Eskom Group CEO André de Ruyter said in his first statement that Eskom is working closely with the South African Revenue Service (Sars), the SIU, the Hawks, “the JSE for listed companies” and its chief. Investigations conducted in the office of the National Director of Public Prosecutions.
The second statement mainly refers to an agreement in which ABB SA agreed to pay Eskom R1.56 billion in full and final settlement of an overpayment dispute related to a corruptly awarded contract for work at Kusile.
Recovery from McKinsey, Deloitte and others
There are also brief references to refunds from certain contractors, including R1.1 billion from McKinsey and R171 million from Deloitte Consulting, and a R3.8 billion lawsuit it has brought against members of the Gupta family, Gupta associates, the former Eskom. chief executives and a former government minister.
Further investigations are ongoing against other contractors and suppliers, former and current Eskom employees and other interested parties, the statement said.
Stefanutti Stocks continuously disputed the overpayment of it or the JVs it was a part of, which resulted in disputes being referred to the DAB.
Crawford said on Thursday that Stefanutti Stocks had an improved performance for the six months to the end of August.
However, he said, the decision-making and awarding of tenders – particularly in the public sector, where tender cancellations are common and an award can take up to two years – continues to affect the group’s performance.
Crawford said there is currently a shortage of public sector infrastructure spending.
“Over the past five years, the group’s revenue from public sector work has fallen by 50%,” he said.
Crawford said the group continues to be negatively impacted by certain communities and informal business forums in some parts of South Africa through its disruptive and illegal activities.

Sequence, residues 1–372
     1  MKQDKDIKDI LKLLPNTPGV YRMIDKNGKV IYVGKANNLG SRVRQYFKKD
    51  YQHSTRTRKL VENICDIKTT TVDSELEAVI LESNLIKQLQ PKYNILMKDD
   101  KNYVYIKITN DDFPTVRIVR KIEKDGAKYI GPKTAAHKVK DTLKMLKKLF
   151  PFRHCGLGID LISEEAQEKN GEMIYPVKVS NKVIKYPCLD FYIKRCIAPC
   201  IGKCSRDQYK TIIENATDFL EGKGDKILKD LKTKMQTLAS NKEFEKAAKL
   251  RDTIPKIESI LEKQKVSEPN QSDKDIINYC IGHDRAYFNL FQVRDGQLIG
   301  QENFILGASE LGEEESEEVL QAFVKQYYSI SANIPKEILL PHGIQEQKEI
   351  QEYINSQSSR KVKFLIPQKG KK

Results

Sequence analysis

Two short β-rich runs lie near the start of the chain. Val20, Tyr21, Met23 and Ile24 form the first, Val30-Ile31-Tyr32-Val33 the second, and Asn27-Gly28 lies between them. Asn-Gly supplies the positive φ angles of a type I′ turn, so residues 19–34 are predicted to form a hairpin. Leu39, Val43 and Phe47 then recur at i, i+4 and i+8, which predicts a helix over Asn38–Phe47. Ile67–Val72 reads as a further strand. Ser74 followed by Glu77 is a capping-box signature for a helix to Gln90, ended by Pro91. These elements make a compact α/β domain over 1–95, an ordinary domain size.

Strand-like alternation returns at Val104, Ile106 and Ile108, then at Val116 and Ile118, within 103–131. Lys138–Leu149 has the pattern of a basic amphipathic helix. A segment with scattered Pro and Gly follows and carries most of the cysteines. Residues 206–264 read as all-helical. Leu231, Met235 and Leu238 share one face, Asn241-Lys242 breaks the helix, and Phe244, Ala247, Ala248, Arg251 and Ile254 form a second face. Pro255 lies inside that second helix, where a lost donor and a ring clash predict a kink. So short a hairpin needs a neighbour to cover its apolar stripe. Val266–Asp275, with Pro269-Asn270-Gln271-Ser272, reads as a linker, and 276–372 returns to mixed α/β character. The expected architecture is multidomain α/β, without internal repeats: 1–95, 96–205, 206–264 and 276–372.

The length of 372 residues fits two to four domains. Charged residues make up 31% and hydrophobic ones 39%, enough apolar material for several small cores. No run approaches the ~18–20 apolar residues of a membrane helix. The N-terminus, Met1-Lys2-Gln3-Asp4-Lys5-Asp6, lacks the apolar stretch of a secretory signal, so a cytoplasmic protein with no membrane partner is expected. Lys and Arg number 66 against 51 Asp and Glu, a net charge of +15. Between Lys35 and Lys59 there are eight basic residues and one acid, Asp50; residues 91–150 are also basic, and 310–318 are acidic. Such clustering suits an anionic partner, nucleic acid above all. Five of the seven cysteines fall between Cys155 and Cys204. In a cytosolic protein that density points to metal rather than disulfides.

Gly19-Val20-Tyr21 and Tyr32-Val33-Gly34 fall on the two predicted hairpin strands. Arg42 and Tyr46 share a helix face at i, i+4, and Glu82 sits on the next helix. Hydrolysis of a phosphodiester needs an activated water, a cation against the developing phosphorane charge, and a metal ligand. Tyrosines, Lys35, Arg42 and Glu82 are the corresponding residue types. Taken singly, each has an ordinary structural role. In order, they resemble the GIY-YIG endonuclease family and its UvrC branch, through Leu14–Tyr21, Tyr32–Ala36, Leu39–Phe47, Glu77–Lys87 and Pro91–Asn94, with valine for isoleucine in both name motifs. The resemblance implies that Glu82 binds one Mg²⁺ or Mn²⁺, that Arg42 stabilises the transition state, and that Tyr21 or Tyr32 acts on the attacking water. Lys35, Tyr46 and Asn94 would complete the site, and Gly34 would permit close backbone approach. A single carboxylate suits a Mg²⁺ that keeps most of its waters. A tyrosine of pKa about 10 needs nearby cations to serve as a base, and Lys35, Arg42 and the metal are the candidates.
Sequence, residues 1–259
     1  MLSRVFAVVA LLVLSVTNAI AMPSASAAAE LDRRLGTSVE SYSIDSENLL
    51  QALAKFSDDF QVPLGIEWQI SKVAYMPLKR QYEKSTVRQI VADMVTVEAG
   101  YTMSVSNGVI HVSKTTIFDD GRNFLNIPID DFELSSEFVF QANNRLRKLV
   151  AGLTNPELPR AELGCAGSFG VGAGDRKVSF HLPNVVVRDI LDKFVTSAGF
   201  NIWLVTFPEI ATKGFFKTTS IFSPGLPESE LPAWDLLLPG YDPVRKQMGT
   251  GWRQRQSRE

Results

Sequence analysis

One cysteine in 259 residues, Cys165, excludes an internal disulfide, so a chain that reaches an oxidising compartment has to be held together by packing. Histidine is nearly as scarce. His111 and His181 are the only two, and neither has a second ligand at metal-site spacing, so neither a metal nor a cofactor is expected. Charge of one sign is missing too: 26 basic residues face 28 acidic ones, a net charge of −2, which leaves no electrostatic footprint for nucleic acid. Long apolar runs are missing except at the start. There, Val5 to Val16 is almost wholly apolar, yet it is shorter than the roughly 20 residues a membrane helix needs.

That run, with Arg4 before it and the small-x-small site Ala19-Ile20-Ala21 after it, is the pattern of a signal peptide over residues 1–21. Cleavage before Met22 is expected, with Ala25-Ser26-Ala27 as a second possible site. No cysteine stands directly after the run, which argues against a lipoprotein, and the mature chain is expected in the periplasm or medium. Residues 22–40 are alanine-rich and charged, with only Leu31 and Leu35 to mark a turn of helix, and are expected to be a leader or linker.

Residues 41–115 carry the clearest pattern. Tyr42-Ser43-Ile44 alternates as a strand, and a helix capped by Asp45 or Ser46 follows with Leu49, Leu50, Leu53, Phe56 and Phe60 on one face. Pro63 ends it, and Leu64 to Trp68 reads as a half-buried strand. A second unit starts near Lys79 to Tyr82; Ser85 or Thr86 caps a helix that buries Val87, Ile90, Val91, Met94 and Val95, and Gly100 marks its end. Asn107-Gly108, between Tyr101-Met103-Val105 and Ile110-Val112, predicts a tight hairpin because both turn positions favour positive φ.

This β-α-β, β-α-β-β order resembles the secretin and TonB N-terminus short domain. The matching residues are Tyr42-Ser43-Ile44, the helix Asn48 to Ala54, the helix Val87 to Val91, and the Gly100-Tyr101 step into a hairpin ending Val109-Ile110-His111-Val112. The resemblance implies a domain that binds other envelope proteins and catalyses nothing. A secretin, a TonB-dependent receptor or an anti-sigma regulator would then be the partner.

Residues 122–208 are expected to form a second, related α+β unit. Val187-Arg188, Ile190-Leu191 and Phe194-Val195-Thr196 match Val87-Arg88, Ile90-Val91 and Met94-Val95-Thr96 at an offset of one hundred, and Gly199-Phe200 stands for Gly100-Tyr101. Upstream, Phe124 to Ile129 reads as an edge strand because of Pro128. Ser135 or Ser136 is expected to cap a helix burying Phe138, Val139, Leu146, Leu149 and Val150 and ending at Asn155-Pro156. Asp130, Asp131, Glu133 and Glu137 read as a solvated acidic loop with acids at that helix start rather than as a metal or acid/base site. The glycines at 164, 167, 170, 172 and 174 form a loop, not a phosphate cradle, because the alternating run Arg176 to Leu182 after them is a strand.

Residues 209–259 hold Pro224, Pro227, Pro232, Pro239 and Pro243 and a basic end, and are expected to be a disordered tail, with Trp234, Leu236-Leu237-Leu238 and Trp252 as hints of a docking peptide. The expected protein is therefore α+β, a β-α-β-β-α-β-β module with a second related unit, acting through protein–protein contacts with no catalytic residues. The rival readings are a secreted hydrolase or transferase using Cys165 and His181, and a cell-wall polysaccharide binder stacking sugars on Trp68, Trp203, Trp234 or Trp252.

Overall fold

According to him, the group’s focus remains on reducing the number of harmful projects.
In the reporting period, seven of the 158 active projects posted a gross operating loss of R19 million compared to a total contract revenue of R130 million, with 78% of contract revenue performing better than the tender margin, compared to 59% in the previous period, he said.
The group on Thursday reported a 9.4% drop in contract revenue from continuing operations to R2.9 billion from a restated R3.2 billion in the prior period.
However, operating profit improved significantly to R54 million from a restated R9 million.
Excluding restructuring charges of R22 million and extraordinary legal costs of R6 million, Crawford said operating profit would have been R82 million with an improved operating margin of 2.9% from 2.7% in the previous period.
The group’s headline loss per share fell to 25.02 cents from 67.12 cents.
It has an order book of R6.3 billion, of which R1.6 billion relates to work outside South Africa.
Crawford said there were potential awards worth about R5.5 billion in the short term, while future opportunities worth about R69 billion had been identified by the group.
Shares in Stefanutti shares rose 6.19% to close at R1.03 per share on Thursday.